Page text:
If there is one thing kids really want to do, it’s to drive a car just like mom and dad. Inversely, if there’s one thing a lot of grown-ups wish they could do now, it’s to return to the simplicity of childhood and play in a cardboard box. The full-scale cardboard Karoq SUV by British designer Liam Hopkins of creative studio Lazerian just might cover both.
Commissioned by UK car manufacturer ŠKODA, it’s set to coincide with the launch of the real-life Karoq. Unlike the actual mid-size SUV, the cardboard version takes its inspiration from 1000+ suggestions from kids who gave their input on what they’d like to see in a car. Combine this with a child’s natural love for cardboard (which seems to be instinctive), and you have a crazy corrugated replica that houses everything a kid (or adult) could want.
Among other design decisions chosen by the designers-in-training? A game console, a dashboard tablet (naturally, it plays a selection of kids music), onboard Wi-Fi, and a film projector for searching and binging Netflix on-the-go. Not bad! For kids who prefer to make their car rides more of a physical activity, the car also comes with a disco ball, a slide, and ball pitt in the back. (YES!) Finally, bean bag chairs and a toy box round out the rest of the activities. Finally, the bonnet of the engine-less cardboard car comes with spyholes, ya know, so kids can hide themselves and spy on any would-be cardboard car-jacker. You’ll never hear “are we there yet?” in a car like this.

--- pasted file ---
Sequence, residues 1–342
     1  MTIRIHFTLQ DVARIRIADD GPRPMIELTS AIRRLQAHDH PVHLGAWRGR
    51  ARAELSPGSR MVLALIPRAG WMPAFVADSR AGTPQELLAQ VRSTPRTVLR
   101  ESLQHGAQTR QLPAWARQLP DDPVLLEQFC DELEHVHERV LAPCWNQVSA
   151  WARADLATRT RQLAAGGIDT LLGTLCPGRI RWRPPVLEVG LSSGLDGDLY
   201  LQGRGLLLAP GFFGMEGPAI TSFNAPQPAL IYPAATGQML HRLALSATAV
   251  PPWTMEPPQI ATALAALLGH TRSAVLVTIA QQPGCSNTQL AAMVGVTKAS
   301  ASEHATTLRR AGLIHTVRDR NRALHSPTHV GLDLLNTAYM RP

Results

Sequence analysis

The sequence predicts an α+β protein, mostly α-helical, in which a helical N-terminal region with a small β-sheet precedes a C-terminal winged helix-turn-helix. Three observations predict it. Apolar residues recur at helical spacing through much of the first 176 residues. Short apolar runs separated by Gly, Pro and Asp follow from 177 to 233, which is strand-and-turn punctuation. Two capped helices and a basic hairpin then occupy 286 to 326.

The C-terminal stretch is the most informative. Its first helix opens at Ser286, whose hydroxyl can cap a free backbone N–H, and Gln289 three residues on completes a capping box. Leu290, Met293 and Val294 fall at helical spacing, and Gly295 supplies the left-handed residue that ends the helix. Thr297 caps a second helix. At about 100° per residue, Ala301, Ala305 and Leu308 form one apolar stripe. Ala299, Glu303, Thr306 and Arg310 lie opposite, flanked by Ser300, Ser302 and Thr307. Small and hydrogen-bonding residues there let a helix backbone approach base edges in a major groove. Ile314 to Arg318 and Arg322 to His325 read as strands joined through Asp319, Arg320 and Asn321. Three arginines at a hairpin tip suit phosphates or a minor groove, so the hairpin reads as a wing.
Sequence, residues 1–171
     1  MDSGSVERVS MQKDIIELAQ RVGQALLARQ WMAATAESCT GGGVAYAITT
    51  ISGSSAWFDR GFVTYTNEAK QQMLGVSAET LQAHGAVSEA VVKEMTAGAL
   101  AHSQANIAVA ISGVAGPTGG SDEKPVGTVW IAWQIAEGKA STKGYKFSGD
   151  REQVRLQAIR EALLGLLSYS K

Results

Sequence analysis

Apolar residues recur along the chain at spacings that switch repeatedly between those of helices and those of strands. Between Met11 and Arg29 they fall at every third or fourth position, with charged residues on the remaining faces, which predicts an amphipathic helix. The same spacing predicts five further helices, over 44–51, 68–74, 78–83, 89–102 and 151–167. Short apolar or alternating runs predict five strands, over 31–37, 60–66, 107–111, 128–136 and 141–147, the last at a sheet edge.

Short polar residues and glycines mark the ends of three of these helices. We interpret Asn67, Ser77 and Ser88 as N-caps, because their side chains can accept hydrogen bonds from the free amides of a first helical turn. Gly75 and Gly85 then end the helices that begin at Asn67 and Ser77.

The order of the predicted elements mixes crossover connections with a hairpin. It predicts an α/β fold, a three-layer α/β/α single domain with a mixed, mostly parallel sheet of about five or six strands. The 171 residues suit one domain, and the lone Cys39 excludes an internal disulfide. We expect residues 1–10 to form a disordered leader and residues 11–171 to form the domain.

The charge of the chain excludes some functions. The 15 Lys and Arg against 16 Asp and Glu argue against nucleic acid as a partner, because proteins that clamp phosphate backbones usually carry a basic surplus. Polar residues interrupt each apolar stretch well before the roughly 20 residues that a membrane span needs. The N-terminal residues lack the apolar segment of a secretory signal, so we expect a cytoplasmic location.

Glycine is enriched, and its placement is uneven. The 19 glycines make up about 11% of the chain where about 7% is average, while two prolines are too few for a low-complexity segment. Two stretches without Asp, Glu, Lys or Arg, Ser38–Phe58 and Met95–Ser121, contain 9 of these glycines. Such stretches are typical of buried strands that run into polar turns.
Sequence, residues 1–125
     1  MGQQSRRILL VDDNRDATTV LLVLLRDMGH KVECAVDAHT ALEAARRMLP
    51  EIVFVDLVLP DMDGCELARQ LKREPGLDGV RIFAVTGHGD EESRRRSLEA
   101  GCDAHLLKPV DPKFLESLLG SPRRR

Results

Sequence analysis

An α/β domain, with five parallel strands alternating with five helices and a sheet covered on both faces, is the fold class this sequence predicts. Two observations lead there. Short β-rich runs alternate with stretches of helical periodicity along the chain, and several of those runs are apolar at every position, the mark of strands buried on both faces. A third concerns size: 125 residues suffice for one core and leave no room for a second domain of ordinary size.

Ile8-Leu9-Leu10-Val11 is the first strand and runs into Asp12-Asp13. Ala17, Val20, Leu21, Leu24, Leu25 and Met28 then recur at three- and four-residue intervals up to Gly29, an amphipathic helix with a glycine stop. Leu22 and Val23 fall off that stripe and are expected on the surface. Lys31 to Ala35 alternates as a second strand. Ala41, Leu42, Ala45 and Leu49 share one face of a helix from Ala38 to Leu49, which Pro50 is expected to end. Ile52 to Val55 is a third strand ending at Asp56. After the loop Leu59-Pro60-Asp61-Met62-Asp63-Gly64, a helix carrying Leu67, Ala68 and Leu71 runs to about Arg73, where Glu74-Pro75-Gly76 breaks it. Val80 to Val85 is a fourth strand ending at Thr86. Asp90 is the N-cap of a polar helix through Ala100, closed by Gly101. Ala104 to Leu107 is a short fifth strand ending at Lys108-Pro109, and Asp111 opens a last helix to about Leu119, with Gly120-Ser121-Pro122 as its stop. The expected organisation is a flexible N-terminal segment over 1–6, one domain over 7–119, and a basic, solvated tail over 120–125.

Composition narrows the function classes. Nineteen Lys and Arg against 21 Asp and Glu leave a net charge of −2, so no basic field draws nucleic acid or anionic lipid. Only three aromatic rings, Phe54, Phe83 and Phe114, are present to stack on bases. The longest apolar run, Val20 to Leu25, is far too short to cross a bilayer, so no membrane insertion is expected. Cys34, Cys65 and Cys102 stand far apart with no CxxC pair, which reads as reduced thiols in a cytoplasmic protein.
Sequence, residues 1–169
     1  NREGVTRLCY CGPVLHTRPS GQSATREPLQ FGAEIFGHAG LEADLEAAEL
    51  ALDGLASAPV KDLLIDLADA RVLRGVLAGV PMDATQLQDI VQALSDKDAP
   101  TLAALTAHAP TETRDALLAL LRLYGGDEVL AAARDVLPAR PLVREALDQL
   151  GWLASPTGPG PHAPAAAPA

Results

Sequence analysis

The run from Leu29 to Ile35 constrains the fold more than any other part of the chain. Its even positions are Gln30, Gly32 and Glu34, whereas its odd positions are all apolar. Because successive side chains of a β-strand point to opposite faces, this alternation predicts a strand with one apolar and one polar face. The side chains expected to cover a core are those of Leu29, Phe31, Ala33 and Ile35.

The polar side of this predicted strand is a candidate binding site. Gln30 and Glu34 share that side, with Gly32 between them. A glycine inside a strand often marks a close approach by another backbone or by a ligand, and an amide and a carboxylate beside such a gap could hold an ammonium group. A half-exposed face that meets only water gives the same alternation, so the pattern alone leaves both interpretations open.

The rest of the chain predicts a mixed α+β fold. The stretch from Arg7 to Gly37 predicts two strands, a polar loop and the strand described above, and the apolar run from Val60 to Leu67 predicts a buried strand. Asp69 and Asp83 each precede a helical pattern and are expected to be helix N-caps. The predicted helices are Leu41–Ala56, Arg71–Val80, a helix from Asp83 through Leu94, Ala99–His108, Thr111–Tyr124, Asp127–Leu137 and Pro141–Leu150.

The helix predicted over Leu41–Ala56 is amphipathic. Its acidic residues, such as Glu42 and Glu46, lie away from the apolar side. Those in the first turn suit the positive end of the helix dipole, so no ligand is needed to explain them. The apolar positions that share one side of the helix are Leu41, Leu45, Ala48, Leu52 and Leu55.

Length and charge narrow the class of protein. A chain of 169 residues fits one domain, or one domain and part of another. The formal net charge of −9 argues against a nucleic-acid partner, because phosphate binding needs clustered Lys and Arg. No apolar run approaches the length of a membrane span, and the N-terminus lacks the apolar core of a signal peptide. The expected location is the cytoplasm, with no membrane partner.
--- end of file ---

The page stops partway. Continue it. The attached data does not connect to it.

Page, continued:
How was it made? That’s an even cooler story. The entire automobile was built from scratch, taking over 600 hours across ten weeks to create. Painstakingly measured, cut on a CNC, size, matched, cut and glued. All the pieces were built over a full-scale model (for structural support, of course) with attention given to the details provided by the children. The size of the real-world Karoq is 14.5 feet wide x 5.25 feet wide (4.4 meters and 1.6 meters), so you can imagine translating it into cardboard form while maintaining those accurate vehicular proportions was likely no easy task.
Sadly, this cardboard version won’t be made available for children or drivers ed courses, but you can see more of the design process over at Lazerian.